Today, more and more U.S. clergymen are letting the people in the pew talk back by experimenting with “dialogue sermons” as an alternate to the pulpit monologue. One reason for this communal approach to the exposition of God’s word is that today’s educated congregations are unwilling to put up with authoritarian preaching that lacks the stamp of credibility.8
Many suggest that “dialogue-preaching” may possess the relevance and power that preachers need for a postmodern generation; a generation that is suspicious of authority and craves credibility.
But what is both stunning and important to recognize is that the quote from Time magazine noted above is from 1968. The other two quotes are from 1970 and 1967, respectively. In other words, the postmodern direction for preaching in the West today sounds very much the same as what Reuel L. Howe,9 William D. Thompson, and Gordon C. Bennet set down over 40 years ago as they tried to navigate the “hippy movement” of the ’60s.10
Similarly, take the example of using
visual images and aids when preaching. Some reasons for our focus on visual aids are:
• Because by it the attention … may be called at any time to one subject.
• It may be so used as to preoccupy the mind … with the central thought of the lesson for the day.
• The eye being employed as well as the ear, the transmission and impression of the truth are made doubly sure.
• It aids the memory.
• It renders the instructions of the teacher more lasting. It makes his influence felt beyond the … session.
In this list, a concern for keeping attention, aiding memory, and making a lasting impression on the listener describe the strengths that visual aids bring to learning biblical truth. What is important to realize is that the bullet points I have just listed above were written in 1870! They reference the brewing 19th-century controversy regarding the appropriate use of chalk on blackboards while teaching the Bible.11

God Is the King of Preachers
When preachers encounter challenges and feel they face what no other preacher has faced, we sometimes think of God as if He is an old man out of touch with “these young people today.” This feeling is understandable. Preachers encounter cultural realities previously unknown to them. Bioethics, postmodernism, AIDS, child prostitution, or digital technology seem beyond God’s experience.
But God is not Moses; God is not a medieval theologian or a 19th-century preacher. The fact that Moses, the theologian, or the preacher lived prior to television, the Internet, AIDS, or the space station means neither that God is ignorant of such things nor that God is confounded by them.
It is true that God calls preachers as instruments by which He speaks to neighborhoods and nations. Preachers are local; their perspectives are limited. But this instrumental responsibility in no way implies that God is ignorant of the cultural climates these neighborhoods and nations represent.
It was God who taught Daniel the literature and language of Babylon (Dan. 1:4). Likewise, it was God who taught Jonah about Nineveh and not the other way around. God is omnilingual and omnipresent. God is an expert in the writings of Plato and Confucius. He is thoroughly acquainted with postmodern thought and Eastern mysticism. He understands the political theory and economic indicators of each nation. God has seen The Matrix; He knows how to use an iPod. God can discuss pluralism and lecture on agriculture. God knows the names of every national leader and the ways and locations of every rebel force.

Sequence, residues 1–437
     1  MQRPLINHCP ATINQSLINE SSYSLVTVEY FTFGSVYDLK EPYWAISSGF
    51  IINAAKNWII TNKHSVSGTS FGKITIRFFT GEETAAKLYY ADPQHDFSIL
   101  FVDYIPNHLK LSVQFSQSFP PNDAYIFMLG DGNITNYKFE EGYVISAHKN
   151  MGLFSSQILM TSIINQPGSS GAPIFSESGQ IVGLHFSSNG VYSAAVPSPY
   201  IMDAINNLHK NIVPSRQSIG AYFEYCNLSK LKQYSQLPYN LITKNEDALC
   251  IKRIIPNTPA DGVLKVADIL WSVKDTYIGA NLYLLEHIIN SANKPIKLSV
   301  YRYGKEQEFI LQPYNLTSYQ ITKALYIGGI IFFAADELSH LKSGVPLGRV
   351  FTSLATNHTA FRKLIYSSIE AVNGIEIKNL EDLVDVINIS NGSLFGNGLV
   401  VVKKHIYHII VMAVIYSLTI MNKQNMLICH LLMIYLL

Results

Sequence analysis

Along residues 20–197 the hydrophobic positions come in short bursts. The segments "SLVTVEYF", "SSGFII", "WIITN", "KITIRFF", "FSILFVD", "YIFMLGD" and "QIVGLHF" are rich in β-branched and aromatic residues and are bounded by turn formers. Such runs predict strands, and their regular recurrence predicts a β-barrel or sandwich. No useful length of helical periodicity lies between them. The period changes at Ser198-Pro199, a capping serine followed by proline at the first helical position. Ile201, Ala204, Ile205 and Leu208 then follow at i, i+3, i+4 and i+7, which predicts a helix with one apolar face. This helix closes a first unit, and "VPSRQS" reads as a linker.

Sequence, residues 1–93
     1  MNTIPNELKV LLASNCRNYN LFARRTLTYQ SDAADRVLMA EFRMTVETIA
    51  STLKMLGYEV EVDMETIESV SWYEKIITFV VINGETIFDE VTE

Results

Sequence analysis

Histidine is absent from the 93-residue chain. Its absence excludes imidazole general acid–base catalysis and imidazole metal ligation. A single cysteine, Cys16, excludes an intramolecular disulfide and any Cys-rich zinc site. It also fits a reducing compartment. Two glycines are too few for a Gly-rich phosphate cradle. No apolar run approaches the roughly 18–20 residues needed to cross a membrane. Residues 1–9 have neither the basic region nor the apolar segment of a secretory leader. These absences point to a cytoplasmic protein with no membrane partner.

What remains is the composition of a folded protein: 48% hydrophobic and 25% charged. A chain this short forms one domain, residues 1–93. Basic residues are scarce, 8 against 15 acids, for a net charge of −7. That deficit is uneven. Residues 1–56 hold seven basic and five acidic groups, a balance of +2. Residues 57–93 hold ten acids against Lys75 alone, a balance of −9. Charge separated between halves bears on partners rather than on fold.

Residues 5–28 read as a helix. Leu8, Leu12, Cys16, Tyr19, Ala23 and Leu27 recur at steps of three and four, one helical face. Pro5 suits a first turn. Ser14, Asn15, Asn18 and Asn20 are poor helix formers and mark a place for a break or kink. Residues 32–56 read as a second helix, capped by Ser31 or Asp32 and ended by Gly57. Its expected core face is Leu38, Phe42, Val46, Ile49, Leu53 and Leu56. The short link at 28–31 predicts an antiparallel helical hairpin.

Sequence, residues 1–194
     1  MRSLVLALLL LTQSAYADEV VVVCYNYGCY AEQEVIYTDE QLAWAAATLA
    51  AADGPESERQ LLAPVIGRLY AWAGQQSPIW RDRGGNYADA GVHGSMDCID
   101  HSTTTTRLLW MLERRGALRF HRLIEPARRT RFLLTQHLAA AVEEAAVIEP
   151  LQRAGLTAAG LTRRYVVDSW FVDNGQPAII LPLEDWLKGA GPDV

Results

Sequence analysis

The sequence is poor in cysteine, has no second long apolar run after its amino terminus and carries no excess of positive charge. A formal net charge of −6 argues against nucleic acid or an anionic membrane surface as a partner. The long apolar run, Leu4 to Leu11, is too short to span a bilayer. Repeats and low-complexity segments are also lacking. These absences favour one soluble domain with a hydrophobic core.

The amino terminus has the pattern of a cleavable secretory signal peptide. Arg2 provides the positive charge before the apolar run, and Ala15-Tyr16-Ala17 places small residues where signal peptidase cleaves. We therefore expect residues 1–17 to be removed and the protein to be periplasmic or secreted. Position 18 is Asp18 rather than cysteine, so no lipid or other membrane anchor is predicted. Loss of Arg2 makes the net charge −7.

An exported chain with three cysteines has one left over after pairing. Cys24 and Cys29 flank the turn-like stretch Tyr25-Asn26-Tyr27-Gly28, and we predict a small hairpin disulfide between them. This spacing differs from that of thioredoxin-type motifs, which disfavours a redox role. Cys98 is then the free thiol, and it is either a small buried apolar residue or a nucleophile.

Consider, then, what it means to read this recent e-mail from a dear pastor in India:
I just came back after seeing the church stained with blood and with several bullets on church walls, the dead and the injured. It hurts us as Christians and we feel absolutely helpless and unsafe in the hands of Indian security forces and the Rebels. This happened hardly two miles from our church. We have 10 churches in the Town area and we felt so vulnerable. We have become easy targets of the Indian Army and the Rebels as well. The same incident can happen to any of us or any of our churches at any time. We do not feel safe at all. Please pray for us!
We believe in prayers. Please pray for us. Only God can save us. He is our refuge and strength and a very present help in trouble (Ps. 46:1).
The pastor leans upon God as an ever-present help and quotes from Psalm 46:1. But how can God be an ever-present help to this pastor unless He speaks this pastor’s language, possesses understanding of the political and religious turmoil of the area, and can make a tangible and wise provision for the help of the innocent? Preachers all over the globe quote Psalm 46:1 for their strength in their places and with their languages too. Preachers in ancient times and places also leaned on this same Scripture promise. God is able to offer refuge and present help for the trouble of any locality, anywhere, any time.
Everything changes when, standing at the bend in the road, a preacher realizes that the Bible he holds in his hands is the collected sermons of God. That fact that God speaks sets him apart from all other deities.13 He proclaims a Triune speech to the world: God the Father speaks (Gen. 1:3); God the Son speaks (John 1:18); God the Spirit speaks (Acts 4:25). As Ramesh Richard has said, “The Bible is what God has made; sermons are what we make with what God has made.”14 In other words, “The Bible is God preaching.”15 This means that a preacher’s sermon is always “the second sermon, the first and last are those of the Holy Spirit, who first gave His Word and quickens it in the hearts of hearers.”16